Stella English, the winner of The Apprentice 2010, lodged a claim for constructive dismissal against her employer, Alan Sugar. She took the case to an employment tribunal, arguing that she had been demeaned and patronised by the management team at Viglen, an IT services firm in Sugar’s group of companies. In particular, she claimed that the CEO Bordan Tkachuk treated her with contempt and told her on the first day: “There is no job.”
But the tribunal dismissed the claims brought by Miss English, noting that she initially resigned without notice and was later reinstated by Sir Alan in a different company, YouView, only to resign again four months later before telling her story to a newspaper. Commenting on the decision, Lord Sugar said “I have been cleared of a derisory attempt to smear my name and extract money from me. The allegations were without substance, and I believe this case was brought with one intention in mind: the presumption that I would not attend the tribunal, that I would not testify and that I would settle out of court, sending Ms English on her way with a tidy settlement. I’m afraid she underestimated me and her reputation is now in tatters. I have principles and I am not going to be forced to compromise them, no matter how much time and money they might cost me.”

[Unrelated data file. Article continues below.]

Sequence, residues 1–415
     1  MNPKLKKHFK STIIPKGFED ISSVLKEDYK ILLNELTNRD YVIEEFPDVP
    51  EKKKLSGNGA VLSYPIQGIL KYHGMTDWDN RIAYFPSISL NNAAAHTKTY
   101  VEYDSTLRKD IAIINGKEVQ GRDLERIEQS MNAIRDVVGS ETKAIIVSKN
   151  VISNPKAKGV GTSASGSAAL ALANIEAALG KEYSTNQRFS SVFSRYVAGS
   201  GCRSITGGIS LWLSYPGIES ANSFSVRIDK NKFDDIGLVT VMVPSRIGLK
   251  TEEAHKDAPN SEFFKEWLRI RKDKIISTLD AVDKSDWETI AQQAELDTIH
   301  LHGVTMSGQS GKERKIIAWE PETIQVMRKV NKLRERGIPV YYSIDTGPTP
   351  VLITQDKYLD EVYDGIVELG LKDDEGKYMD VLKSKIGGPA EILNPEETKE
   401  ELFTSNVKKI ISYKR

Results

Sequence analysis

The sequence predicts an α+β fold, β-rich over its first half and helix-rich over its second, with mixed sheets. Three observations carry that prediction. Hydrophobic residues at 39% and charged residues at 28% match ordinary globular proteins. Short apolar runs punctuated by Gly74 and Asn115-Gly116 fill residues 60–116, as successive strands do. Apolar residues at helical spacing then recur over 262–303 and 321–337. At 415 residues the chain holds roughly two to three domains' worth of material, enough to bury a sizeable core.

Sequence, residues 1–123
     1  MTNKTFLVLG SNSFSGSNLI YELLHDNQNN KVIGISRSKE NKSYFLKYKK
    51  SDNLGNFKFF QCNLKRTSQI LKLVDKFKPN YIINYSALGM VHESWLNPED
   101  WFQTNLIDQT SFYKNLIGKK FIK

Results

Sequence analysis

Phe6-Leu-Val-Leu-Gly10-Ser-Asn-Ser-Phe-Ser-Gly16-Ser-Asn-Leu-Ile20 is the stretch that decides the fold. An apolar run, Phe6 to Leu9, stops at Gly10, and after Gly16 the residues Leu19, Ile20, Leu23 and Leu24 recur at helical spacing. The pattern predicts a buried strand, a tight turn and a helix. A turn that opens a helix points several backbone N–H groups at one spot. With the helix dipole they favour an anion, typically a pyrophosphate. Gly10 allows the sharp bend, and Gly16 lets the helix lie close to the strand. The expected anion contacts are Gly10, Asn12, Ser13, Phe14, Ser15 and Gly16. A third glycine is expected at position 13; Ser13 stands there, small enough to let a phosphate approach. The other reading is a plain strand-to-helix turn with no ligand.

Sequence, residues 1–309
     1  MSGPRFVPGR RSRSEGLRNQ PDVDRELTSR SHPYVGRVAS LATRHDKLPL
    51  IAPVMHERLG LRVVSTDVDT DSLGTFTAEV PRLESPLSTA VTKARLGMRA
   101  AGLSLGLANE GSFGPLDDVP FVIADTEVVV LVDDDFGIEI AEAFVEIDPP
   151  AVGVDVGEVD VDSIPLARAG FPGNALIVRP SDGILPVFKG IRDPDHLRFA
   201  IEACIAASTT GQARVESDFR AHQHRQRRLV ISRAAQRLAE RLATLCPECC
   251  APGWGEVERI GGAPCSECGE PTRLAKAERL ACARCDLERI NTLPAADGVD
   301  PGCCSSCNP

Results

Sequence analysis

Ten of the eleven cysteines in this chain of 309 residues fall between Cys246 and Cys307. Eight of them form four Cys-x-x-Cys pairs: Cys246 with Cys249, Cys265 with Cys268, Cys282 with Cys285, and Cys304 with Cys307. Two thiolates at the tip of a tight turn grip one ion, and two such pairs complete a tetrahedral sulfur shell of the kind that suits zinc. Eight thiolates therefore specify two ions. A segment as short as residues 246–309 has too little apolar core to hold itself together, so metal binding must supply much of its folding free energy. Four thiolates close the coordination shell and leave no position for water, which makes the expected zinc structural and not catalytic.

To avoid many misunderstanding in the workplace, which could potentially lead to constructive dismissal claims, it’s important that your company has well written disciplinary and grievance rules and procedures that comply with the ACAS Code of Practice. This set of downloadable template documents can help you manage disciplinary and grievance issues.